One of the generally unheralded trends in enterprise IT is the proliferation of automation tools. Dozens of vendors offer systems to automate various tasks and business processes, and countless companies have developed their own homegrown tools. Many of these tools have begun overlapping, or sprawling, over time. I’d like to have invented the term “automation sprawl,” but I have to credit Vince Dimascio, CIO and CTO at BAL, an immigration law firm based in San Francisco. He was one of the panelists at a session I facilitated recently on the future of process automation at the 2019 MIT Sloan CIO Symposium. It’s clear that one aspect of that future is more sprawl.
Before I get into how best to respond, it’s helpful to have a little background on how we got here. Of course, “automation” is an old term that has been used to describe virtually every type of computer system, from general ledgers to manufacturing robots. More recently, it’s been focused on workflow-related capabilities involving business rules. Some automation offerings are oriented to specific organizational functions, some purport to be generalized platforms, and some are in the middle. The earliest broad application of automation tools was in the IT function, where they are now well-established for tasks like network management, provisioning, and configuration management. Marketing automation was another relatively early use.
Some of the companies that did IT automation, like ServiceNow, have branched into products for other functions — like HR onboarding. IPsoft, initially an IT automation company, now has a product called Amelia to automate conversational interactions with customers and employees. IPsoft also has a new tool called 1Desk that “automates the automation” — it keeps track of automation programs from multiple vendors and monitors their performance.
The focus of automation tools was at one point to automate structured, predictable workflows typically within a specific domain, for instance in IT or marketing. But one automation tool, so-called robotic process automation (RPA), has become a generalized tool for executing structured workflows, particularly for processes that involve data from multiple information systems.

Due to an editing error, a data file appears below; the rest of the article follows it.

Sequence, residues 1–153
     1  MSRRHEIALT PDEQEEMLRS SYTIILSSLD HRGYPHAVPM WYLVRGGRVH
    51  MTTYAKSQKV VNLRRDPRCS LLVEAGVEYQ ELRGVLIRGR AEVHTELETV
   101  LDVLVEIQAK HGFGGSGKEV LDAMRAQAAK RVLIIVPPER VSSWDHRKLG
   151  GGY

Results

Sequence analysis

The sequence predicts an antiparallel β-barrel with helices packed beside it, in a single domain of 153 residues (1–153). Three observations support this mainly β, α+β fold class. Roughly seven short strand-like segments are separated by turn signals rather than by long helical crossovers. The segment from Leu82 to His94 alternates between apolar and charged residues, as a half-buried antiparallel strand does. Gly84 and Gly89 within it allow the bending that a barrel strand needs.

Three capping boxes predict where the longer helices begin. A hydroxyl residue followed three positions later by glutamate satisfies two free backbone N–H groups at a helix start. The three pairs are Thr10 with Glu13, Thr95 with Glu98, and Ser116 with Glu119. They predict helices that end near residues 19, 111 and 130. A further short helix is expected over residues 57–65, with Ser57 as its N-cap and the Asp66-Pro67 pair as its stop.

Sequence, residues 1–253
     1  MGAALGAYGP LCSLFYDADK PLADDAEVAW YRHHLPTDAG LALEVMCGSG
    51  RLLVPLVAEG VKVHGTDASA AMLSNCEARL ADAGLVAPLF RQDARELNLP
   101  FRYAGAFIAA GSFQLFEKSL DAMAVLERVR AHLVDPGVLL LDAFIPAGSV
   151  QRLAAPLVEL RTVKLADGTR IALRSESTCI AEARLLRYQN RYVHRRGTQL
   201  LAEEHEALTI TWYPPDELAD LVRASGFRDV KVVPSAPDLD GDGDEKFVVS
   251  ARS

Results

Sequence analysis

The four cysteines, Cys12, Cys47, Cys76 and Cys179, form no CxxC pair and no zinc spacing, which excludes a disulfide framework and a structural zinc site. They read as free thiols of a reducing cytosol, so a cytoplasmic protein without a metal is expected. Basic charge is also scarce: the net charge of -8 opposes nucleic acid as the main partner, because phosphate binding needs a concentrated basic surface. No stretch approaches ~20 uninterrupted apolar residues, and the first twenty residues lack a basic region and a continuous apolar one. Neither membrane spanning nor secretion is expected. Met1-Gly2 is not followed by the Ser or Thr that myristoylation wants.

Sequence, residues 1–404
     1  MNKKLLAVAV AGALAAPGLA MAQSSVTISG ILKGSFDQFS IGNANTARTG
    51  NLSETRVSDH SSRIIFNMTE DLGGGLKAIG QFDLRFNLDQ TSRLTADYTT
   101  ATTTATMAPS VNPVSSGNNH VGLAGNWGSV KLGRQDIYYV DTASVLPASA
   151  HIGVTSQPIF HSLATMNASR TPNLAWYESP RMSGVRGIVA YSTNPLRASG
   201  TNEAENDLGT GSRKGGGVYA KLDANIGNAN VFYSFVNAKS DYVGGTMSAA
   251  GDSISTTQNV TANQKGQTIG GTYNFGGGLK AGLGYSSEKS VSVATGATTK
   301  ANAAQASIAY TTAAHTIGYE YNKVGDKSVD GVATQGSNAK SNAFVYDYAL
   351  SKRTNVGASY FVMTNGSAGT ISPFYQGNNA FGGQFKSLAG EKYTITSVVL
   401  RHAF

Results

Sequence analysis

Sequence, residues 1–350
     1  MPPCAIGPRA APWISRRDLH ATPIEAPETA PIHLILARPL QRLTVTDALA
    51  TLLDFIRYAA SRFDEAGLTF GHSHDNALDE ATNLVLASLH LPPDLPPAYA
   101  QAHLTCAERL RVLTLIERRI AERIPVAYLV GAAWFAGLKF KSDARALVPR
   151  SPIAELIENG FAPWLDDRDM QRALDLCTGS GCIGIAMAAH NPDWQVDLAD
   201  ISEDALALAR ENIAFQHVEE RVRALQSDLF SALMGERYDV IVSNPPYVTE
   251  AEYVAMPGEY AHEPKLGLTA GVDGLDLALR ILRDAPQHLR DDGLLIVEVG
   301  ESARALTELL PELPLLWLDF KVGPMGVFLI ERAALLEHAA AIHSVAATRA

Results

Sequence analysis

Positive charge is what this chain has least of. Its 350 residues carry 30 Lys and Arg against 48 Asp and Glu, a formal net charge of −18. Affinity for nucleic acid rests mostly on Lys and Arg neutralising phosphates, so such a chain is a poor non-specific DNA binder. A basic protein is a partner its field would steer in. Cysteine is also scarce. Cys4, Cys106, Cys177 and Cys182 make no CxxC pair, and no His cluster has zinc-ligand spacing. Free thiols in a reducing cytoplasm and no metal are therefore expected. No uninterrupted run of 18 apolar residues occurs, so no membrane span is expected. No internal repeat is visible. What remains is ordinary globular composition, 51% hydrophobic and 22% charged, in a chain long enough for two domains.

One indication of the expanding sprawl is that RPA and several other automation tools are now going after data-intensive decision tasks that are made within those structured workflows. They are either adding machine learning capabilities themselves or making it easy for customers to use other vendors for them. The RPA firm UIPath, for example, has a partnership with the automated machine learning vendor DataRobot. ServiceNow has built its own machine learning programs for making recommendations for IT users and for onboarding employees. It’s clear that everybody is moving into each other’s territory and rapidly adding new functionality — the classic definition of sprawl.
OK — now what should you do about it? One answer is to look for generalized automation tools that can perform a variety of task types. For many companies, that increasingly leads them toward RPA, often in combination with machine learning. Eventually, I expect, the common attributes of RPA — things like an easy-to-use graphical interface and a built-in rules engine — will characterize other types of automation as well.